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TAKING CHARGE OF

YOUR OWN HEALTH CARE:
A Practical Guide

Drs. John & Alieta Eck, MDs
Dr. Ara Apelian, MD
Dr. Cecil Mathews, MD

PREVENTATIVE MEDICINE

TAKING CHARGE OF
YOUR OWN HEALTHCARE:
A Practical Guide

PREVENTATIVE MEDICINE > Your Job...............................5
EARLY DETECTION > Shared Responsibility.....................9
AFFORDABLE CARE > We Can Help...............................13

Introduction

The word “health” comes from
an old English word that means
“whole.” Nothing missing.
In 1948, The World Health
Organization defined “health” as
complete physical, mental, and
social well-being, not just the
absence of sickness. Then in 1984,
it added spiritual well-being as well.
When we focus on all four levels,
we can feel and be truly well.
Walt Larimore wrote a book in
2003 called the 10 Essentials of Highly
Healthy People. In it he described a
car with four well balanced wheels
as important for a smooth ride. He
likened this to our having four components, health wheels so to speak,
that are necessary for us to have a
high degree of health.

The four balanced aspects of good
health are PHYSICAL, EMOTIONAL,
RELATIONAL and SPIRITUAL—
when these are well balanced, we
are at our best. The last three will
not be the focus of this booklet. For
now, we will focus on PHYSICAL
well-being. However, any good
primary care physician knows that
that symptoms may be the result of
imbalance in any of the three other
areas. When the doctor realizes this,
appropriate referrals can be made to
get the right help for the patient to
become and feel well.
Much is made of the cost of health
care. The least expensive health care
is to not get sick— and this does
not require any health insurance
policy.

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PREVENTATIVE MEDICINE

PREVENTATIVE MEDICINE > It’s up to you.
Staying Healthy—What You Need to Know
In order for the PHYSICAL wheel to be well balanced, there needs
to be equal attention placed on ACTIVITY and REST, and another
balance placed on INTAKE and ELIMINATION.

ACTIVITY—MOVE—our joints and
muscles were made to move, and
as soon as we get sedentary, we
feel sluggish and achey. We do not
have to join a gym in order to get
enough exercise, but simply add
movement throughout our day. Park
a distance from the grocery store
and walk a little further, take the
stairs instead of the elevator, take
a brisk walk, or use the treadmill
or stair-climber—at least 3 days a

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week for 1⁄2 hour at a time. This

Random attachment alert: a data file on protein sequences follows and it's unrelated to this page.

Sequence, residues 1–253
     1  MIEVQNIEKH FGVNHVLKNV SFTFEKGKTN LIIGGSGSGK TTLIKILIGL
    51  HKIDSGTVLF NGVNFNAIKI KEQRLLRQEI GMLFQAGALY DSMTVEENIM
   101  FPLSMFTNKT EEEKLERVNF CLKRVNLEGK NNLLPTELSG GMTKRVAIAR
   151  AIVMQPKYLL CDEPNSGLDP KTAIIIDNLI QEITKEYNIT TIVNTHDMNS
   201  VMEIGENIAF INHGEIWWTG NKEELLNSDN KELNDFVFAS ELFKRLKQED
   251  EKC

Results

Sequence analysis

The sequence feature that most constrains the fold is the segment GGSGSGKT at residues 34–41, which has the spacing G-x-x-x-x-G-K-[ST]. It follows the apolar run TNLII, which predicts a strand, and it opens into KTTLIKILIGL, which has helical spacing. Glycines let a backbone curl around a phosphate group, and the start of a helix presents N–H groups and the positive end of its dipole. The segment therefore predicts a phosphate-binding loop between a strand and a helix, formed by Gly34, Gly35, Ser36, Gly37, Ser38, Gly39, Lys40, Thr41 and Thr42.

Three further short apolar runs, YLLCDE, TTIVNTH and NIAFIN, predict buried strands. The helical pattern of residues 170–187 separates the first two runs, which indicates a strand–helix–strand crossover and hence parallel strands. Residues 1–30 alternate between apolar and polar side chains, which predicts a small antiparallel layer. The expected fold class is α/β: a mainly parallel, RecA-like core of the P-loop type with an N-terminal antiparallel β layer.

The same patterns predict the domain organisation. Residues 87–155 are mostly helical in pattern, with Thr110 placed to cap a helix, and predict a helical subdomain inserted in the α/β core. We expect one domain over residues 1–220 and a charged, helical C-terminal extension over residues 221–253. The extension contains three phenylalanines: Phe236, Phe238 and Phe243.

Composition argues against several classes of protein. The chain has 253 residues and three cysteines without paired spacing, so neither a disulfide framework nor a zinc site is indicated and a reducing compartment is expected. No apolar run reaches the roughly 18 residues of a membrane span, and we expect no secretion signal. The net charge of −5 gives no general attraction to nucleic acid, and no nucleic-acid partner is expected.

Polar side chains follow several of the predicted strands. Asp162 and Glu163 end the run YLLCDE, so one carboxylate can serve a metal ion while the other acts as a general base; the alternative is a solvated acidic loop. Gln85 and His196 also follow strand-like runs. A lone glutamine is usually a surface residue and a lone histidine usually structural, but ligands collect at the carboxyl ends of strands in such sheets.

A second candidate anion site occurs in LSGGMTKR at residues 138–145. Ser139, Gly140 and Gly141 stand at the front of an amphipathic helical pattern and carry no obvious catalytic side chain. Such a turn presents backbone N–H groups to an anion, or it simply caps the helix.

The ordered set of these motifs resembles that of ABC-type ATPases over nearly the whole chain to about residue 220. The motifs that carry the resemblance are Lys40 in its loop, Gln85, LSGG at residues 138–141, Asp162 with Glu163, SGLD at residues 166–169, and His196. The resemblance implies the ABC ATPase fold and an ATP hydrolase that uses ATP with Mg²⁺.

is the best way to keep our bones
and muscles healthy and to avoid
injury when a sudden movement is
needed.

REST— Often hard these days—
many of us feel stress that tells us
we need to be doing more—we stay
up late and do not give ourselves
enough time to sleep. Others want
to sleep all the time and this might
indicate a problem that needs to

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PREVENTATIVE MEDICINE

be addressed. The ideal amount of
sleep is where we go to bed, fall
asleep rather soon and then wake
up without an alarm clock. If the
alarm clock wakes you up, try to go
to bed 1/2 hour earlier and see if
you aren’t already waking up before
alarm goes off. A vacation is good—
time away, something that brings us
out of the routine—and gives our
mind and body a good rest from
time to time.

INTAKE- This is what we put into
our body every day—fresh fruits
and vegetables, nutritious varied
meals, avoiding too much sugar
and saturated fats, having an
adequate fluid intake. If gaining
weight is a problem, eat a lower
calorie diet with less carbohydrates.
Sugar substitutes are okay; a good
multivitamin will assure adequate
intake of trace elements and women
ought to take in an extra 600 mg of
calcium per day. There is no good
evidence that all those expensive
nutritional supplements make a big
difference in overall health. Along
with these positive food choices,
watching our intake should include

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Eat right

Balanced meals, low on carbohydrates if gaining weight is
a problem. Sugar substitutes are okay

Vitamins

Multi vitamin, Vitamin C-500 mg/day; Calcium with
vitamin D, 600-1200 mg/day

Body Weight

Maintaining ideal body weight is the best way to avoid
diabetes, and eating a diet low in sugar, white bread, pasta,
rice & potatoes helps as well.

Exercise

This helps to keep the muscles and bones healthy, plus
helps to prevent diabetes, maintaining ideal body weight.